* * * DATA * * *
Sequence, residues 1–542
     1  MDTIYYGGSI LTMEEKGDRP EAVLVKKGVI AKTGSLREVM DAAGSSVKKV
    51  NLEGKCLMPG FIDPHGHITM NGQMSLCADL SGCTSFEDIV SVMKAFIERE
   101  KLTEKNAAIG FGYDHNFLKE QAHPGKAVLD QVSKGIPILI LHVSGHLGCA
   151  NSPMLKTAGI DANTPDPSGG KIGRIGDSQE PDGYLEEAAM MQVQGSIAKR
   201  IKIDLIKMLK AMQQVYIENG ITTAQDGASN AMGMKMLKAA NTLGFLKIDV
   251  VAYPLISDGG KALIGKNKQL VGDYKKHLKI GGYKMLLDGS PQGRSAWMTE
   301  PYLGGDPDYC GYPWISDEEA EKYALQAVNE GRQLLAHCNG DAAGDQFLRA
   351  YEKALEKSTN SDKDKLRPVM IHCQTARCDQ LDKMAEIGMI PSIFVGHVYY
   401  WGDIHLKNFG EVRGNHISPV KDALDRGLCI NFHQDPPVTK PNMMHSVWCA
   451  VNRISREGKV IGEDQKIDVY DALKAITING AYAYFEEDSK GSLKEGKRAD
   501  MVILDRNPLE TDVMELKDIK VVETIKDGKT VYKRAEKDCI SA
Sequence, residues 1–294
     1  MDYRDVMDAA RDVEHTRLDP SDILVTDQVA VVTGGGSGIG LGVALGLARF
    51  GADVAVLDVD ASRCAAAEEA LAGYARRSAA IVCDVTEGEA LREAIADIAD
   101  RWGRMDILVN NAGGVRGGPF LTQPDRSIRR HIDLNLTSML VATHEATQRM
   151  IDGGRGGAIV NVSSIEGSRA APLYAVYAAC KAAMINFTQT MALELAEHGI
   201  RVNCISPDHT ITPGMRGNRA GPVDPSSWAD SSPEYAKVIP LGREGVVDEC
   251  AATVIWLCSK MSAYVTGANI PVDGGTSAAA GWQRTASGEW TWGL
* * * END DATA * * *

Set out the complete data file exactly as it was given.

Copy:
Sequence, residues 1–542
     1  MDTIYYGGSI LTMEEKGDRP EAVLVKKGVI AKTGSLREVM DAAGSSVKKV
    51  NLEGKCLMPG FIDPHGHITM NGQMSLCADL SGCTSFEDIV SVMKAFIERE
   101  KLTEKNAAIG FGYDHNFLKE QAHPGKAVLD QVSKGIPILI LHVSGHLGCA
   151  NSPMLKTAGI DANTPDPSGG KIGRIGDSQE PDGYLEEAAM MQVQGSIAKR
   201  IKIDLIKMLK AMQQVYIENG ITTAQDGASN AMGMKMLKAA NTLGFLKIDV
   251  VAYPLISDGG KALIGKNKQL VGDYKKHLKI GGYKMLLDGS PQGRSAWMTE
   301  PYLGGDPDYC GYPWISDEEA EKYALQAVNE GRQLLAHCNG DAAGDQFLRA
   351  YEKALEKSTN SDKDKLRPVM IHCQTARCDQ LDKMAEIGMI PSIFVGHVYY
   401  WGDIHLKNFG EVRGNHISPV KDALDRGLCI NFHQDPPVTK PNMMHSVWCA
   451  VNRISREGKV IGEDQKIDVY DALKAITING AYAYFEEDSK GSLKEGKRAD
   501  MVILDRNPLE TDVMELKDIK VVETIKDGKT VYKRAEKDCI SA
Sequence, residues 1–294
     1  MDYRDVMDAA RDVEHTRLDP SDILVTDQVA VVTGGGSGIG LGVALGLARF
    51  GADVAVLDVD ASRCAAAEEA LAGYARRSAA IVCDVTEGEA LREAIADIAD
   101  RWGRMDILVN NAGGVRGGPF LTQPDRSIRR HIDLNLTSML VATHEATQRM
   151  IDGGRGGAIV NVSSIEGSRA APLYAVYAAC KAAMINFTQT MALELAEHGI
   201  RVNCISPDHT ITPGMRGNRA GPVDPSSWAD SSPEYAKVIP LGREGVVDEC
   251  AATVIWLCSK MSAYVTGANI PVDGGTSAAA GWQRTASGEW TWGL